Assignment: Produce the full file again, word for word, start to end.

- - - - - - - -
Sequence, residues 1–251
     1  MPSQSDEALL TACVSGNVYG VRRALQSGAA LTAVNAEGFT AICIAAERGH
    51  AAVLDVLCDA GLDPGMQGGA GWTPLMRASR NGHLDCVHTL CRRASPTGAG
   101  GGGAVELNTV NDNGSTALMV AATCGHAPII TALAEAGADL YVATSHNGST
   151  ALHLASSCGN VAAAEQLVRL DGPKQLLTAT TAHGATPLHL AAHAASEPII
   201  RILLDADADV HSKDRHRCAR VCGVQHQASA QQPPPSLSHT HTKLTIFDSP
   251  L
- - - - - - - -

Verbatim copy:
Sequence, residues 1–251
     1  MPSQSDEALL TACVSGNVYG VRRALQSGAA LTAVNAEGFT AICIAAERGH
    51  AAVLDVLCDA GLDPGMQGGA GWTPLMRASR NGHLDCVHTL CRRASPTGAG
   101  GGGAVELNTV NDNGSTALMV AATCGHAPII TALAEAGADL YVATSHNGST
   151  ALHLASSCGN VAAAEQLVRL DGPKQLLTAT TAHGATPLHL AAHAASEPII
   201  RILLDADADV HSKDRHRCAR VCGVQHQASA QQPPPSLSHT HTKLTIFDSP
   251  L